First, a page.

Hungary's foreign minister lashes out after Zelenskyy casts doubt on Budapest’s commitment to NATO
Péter Szijjártó (Photo:Szijjártó Péter/Facebook)
A war of words has erupted between Ukraine and Hungary, with Kyiv and Budapest trading barbed comments on Russia’s war on Ukraine and Hungary’s commitment to NATO principles.
Hungary has paid “an extremely high price” for the war in Ukraine, Hungarian Foreign Minister Péter Szijjártó said in a post on Facebook post on April 30, responding to Ukrainian President Volodymyr Zelenskyy's earlier comment that Budapest should not qualify for NATO membership.
Szijjártó said that Zelenskyy had no right to assess Hungary's actions as a NATO member.
"Fortunately, he is not the one to decide this," Szijjártó said. “The Hungarian people have already paid an extremely high price for this war.”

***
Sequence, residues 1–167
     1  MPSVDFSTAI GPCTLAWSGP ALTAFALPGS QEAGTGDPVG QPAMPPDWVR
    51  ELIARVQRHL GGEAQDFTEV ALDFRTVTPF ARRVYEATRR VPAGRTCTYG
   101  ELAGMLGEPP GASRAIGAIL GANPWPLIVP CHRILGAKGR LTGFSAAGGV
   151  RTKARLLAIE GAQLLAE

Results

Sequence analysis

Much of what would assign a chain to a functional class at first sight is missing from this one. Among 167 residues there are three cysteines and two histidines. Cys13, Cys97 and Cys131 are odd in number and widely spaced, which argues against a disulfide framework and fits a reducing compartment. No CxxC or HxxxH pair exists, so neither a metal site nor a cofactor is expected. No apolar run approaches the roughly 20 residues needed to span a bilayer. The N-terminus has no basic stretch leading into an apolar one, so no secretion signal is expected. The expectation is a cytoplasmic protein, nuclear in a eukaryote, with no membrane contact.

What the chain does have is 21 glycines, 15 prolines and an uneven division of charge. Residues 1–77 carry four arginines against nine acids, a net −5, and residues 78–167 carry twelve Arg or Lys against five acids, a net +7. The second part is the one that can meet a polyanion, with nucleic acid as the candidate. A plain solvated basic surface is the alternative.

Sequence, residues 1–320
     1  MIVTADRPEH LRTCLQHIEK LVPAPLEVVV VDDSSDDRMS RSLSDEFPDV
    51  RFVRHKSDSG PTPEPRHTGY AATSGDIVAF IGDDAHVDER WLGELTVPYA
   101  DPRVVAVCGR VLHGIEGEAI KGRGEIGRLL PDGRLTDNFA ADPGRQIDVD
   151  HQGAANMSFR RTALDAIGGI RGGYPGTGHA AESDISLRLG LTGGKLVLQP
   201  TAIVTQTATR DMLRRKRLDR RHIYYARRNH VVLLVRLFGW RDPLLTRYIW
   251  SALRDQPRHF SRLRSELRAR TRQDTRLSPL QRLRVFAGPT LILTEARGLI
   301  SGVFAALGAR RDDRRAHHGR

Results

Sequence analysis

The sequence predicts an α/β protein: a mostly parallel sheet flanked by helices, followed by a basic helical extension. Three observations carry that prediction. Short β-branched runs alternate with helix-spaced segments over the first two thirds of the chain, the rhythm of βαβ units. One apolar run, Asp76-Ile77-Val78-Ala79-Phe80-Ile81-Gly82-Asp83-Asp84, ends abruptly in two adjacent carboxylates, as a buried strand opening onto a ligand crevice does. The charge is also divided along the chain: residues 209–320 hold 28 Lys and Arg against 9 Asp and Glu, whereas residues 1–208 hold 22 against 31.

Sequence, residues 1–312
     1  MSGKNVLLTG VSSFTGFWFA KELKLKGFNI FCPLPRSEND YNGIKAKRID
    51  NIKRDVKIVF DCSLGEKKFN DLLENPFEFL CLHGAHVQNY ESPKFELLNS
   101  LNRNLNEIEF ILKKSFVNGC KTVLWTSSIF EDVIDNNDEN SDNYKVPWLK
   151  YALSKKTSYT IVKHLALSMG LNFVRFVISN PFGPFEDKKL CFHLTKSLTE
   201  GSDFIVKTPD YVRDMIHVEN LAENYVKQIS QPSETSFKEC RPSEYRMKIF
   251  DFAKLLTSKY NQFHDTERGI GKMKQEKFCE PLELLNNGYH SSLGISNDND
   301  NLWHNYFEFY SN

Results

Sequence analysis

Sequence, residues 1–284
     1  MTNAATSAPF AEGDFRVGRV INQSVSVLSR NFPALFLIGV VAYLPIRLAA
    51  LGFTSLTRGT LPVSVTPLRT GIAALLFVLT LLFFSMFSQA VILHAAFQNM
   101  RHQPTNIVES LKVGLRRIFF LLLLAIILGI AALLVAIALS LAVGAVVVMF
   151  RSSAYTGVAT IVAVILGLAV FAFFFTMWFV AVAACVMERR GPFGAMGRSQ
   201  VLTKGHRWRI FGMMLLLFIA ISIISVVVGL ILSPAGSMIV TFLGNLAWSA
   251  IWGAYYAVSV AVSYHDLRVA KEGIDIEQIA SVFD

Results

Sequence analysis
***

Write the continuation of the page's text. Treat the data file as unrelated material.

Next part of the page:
Szijjártó added that many Hungarians — members of the Hungarian community in Zakarpattya Oblast in western Ukraine — had already died in the war.
"If this statement (by Zelenskyy) means: ‘I respectfully thank the Hungarians for letting in and taking care of more than a million refugees from Ukraine, and I respectfully thank you for continuously sending aid,’ then they are welcome, and can count on us in the future as well," the Hungarian foreign minister wrote.
Szijjártó’s statement came a day after Zelenskyy, when asked how he assessed Budapest's position on not supporting Ukraine's accession to NATO, and whether it was possible to resolve this "dispute," said that Hungary's political elites were politically confused, as “it is irrational that a NATO country calls the aggressor Russia its friend.”
Zelenskyy then said that Hungary was an ally of the alliance solely on paper.
Hungary continues to buy gas from Russia and has refused to allow deliveries of weapons to Ukraine to transit its territory.
Szijjártó has also visited Moscow several times for talks since the start of Russia’s full-scale war on Ukraine, despite the other NATO allies maintaining a policy of diplomatically isolating Russian dictator Vladimir Putin.
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